The independent technical regulator responsible for electrical and gas safety and equipment efficiency, Energy Safe Victoria, has not placed any specific regulatory requirements on electrical cords or extension leads. It has provided advice: "Avoid ‘piggybacking’ adaptors, instead use a power board with a built-in safety device" in once of its publications (Using Electricity Safely).
Also, general industry advice is that extension leads should not be joined together. This is because when plugging two or more leads together there is a potential for voltage drop, which draws too much power for the lead resulting in fires or overloading of appliances.
It has pointed out, however, that under the Victorian Occupational Health and Safety Act (2004) employers have a legal duty to provide and maintain a working environment that is safe and without risks to health. This includes ensuring that plant and systems of work at the workplace are healthy and safe.
In the publication Managing Safety in Your Workplace designed for small to medium businesses, WorkSafe Victoria advises that electrical safety testing and tagging for all plug-in equipment (including power boards and cords) falls under the general obligations of Section 21(2)(a)of the Act. The employer is advised to introduce a safety testing protocol. (A CDROM and booklet were produced at the time, both free from WorkSafe. Contact the regulator on 03 9641 1333 or email on firstname.lastname@example.org to check if still available)
The Australian New Zealand Standard AS/NZS3760 In-Service Safety Inspection and Testing of Electrical Equipment is nationally accepted as the minimum safety protocol for the workplace, and applies to plug-in or non-fixed equipment. The VTHC has been advised that WorkSafe Victoria is 'actively enforcing the standard and inspecting all types of premises to confirm introduction of minimum safety testing programs consistent with AS3760.' The standard applies to all types of electrical equipment in offices, factories and so on (ie tools, machines, computers, even jugs and cooling fans).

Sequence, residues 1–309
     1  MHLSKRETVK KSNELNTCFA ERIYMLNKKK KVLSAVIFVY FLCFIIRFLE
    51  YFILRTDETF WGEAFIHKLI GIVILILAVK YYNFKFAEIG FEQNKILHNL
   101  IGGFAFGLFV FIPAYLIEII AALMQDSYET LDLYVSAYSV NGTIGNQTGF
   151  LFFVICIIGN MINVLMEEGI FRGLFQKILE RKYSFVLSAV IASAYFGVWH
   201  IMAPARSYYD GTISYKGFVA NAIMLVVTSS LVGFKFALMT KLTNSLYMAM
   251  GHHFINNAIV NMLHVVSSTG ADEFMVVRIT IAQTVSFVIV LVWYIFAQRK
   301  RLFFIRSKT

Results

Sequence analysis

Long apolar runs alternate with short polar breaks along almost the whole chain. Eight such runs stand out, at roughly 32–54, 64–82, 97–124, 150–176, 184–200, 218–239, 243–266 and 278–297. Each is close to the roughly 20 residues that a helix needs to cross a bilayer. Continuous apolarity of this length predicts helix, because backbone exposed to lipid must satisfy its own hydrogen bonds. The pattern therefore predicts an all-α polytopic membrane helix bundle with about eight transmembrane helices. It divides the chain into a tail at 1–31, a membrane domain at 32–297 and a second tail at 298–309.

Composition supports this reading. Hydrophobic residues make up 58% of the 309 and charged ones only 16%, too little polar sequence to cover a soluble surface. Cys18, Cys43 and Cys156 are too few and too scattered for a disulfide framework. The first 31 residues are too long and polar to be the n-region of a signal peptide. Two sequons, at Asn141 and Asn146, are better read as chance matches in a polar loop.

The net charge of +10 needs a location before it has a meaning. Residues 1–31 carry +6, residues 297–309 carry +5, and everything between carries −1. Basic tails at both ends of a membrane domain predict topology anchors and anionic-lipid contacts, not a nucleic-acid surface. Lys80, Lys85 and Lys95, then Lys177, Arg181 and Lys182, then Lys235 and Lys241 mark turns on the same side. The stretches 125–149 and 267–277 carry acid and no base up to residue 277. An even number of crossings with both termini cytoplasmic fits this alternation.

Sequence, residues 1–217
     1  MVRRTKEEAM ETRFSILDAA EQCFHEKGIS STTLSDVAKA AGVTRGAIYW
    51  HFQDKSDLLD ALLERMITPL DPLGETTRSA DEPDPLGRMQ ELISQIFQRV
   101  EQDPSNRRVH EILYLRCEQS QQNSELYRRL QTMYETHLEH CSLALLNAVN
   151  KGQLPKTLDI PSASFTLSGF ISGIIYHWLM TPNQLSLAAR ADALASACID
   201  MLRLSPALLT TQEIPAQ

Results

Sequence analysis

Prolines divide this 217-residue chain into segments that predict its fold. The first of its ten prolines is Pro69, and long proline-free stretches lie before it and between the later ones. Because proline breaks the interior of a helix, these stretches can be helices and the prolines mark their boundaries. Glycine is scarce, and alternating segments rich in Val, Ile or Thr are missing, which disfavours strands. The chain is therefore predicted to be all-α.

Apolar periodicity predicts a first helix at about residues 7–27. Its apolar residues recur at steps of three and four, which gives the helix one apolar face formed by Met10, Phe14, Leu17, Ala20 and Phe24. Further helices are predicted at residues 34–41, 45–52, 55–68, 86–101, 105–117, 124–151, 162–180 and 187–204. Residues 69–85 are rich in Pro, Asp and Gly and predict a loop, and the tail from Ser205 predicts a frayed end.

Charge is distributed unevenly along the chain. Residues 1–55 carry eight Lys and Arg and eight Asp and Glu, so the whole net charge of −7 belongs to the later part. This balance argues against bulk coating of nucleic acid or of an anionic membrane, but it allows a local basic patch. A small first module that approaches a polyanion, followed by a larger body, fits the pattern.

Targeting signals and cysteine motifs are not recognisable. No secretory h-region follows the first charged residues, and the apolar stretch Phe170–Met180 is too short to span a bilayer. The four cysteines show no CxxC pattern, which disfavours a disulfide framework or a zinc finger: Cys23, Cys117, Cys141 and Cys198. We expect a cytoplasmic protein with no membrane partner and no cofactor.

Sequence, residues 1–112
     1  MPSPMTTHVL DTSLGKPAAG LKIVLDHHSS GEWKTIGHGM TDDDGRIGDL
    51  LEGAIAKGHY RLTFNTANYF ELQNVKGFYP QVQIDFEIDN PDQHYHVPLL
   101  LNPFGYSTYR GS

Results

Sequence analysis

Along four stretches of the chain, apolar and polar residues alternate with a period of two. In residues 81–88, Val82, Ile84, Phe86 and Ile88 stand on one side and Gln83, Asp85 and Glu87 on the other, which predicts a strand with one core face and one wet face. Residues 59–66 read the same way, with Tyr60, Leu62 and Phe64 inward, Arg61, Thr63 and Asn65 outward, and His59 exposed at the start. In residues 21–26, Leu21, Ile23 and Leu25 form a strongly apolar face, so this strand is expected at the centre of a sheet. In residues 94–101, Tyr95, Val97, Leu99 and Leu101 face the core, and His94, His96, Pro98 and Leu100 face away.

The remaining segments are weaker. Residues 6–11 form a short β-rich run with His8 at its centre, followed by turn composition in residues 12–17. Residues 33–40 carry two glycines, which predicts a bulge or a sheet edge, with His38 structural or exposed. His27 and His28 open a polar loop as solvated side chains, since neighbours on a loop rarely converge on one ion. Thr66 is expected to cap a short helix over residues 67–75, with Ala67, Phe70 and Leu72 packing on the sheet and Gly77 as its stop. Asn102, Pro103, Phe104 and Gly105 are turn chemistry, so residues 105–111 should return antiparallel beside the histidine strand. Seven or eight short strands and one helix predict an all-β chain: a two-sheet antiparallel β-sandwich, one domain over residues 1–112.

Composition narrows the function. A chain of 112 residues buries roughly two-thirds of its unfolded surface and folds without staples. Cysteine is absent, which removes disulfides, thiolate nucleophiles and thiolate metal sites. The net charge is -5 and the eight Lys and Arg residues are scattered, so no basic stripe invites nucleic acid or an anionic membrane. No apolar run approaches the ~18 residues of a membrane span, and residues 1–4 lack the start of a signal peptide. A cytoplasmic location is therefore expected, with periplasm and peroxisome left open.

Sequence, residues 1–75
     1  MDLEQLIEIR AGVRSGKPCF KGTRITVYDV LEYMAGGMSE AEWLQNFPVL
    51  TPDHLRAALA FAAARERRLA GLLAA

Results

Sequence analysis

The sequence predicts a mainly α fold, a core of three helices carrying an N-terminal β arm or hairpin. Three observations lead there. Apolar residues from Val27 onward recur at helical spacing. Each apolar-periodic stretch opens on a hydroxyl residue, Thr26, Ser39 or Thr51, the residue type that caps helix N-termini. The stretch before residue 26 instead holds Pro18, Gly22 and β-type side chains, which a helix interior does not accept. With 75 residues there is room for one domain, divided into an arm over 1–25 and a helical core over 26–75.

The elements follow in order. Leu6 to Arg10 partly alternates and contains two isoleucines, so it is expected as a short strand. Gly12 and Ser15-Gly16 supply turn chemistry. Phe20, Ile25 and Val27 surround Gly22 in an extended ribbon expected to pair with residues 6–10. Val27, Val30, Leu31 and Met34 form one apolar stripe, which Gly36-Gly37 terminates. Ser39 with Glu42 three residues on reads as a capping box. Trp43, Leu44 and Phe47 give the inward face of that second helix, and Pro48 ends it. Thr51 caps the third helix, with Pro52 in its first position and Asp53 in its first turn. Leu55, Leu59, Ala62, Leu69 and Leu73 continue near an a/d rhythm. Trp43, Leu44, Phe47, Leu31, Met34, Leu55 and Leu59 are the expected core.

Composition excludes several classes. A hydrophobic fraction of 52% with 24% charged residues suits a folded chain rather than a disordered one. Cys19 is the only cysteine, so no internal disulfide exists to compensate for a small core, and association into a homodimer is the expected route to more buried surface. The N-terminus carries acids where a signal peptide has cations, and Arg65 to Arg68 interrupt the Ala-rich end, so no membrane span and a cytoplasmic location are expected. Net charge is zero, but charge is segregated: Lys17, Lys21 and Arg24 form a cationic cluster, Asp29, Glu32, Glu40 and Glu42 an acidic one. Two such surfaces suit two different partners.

Also from WorkSafe:
- Isolate, de-energise, lockout and tagout plant - this page provides advice to employers to assist in keeping workers safe, by isolating, de-energising, lockout and tagout plant before maintenance work or repairs.
- Preventing electrical shock from power tools and electrical leads
Further, due to a serious electrocution, several government departments (for example the Department of Education and Training) have issued instructions regarding all electrical equipment. Electrical equipment, which includes power cords and boards, computers, cleaning equipment, equipment in craft rooms and so on, must be checked and tagged in accordance with AS 3760.
The checking and tagging of equipment as per AS 3760 can be done either by a qualified electrician or by someone who has successfully completed an approved course at a TAFE college. There are also a number of electrical contractors who specialise in the checking and tagging equipment - check the Yellow Pages.
Advice to health and safety reps
Tagging and checking of all "in-service" electrical plug-in equipment in accordance with AS/NZS 3760 should now be the norm in all workplaces. If this is not the case in your workplace, as an OHS rep, you should approach your employer and request that this be done as soon as possible. If it is not done, then the employer is breaching his/her duty under Section 21.
If the workplace is a construction site, then the Industry Standard for Electrical Installations on Construction Sites must apply. WorkSafe has also developed a checklist document answering a number of questions on the standard.
Both the Electrical Safety Act, 1998 and the Electrical Safety (Installations) Regulations apply (see this page on the ESV website), as well the Occupational Health and Safety Act, 2004. In addition, number of Australian Standards, including AS/NZS 3760, are referenced in the Industry Standard, and so are mandatory.
For more information, contact your union.
Last amended February 2020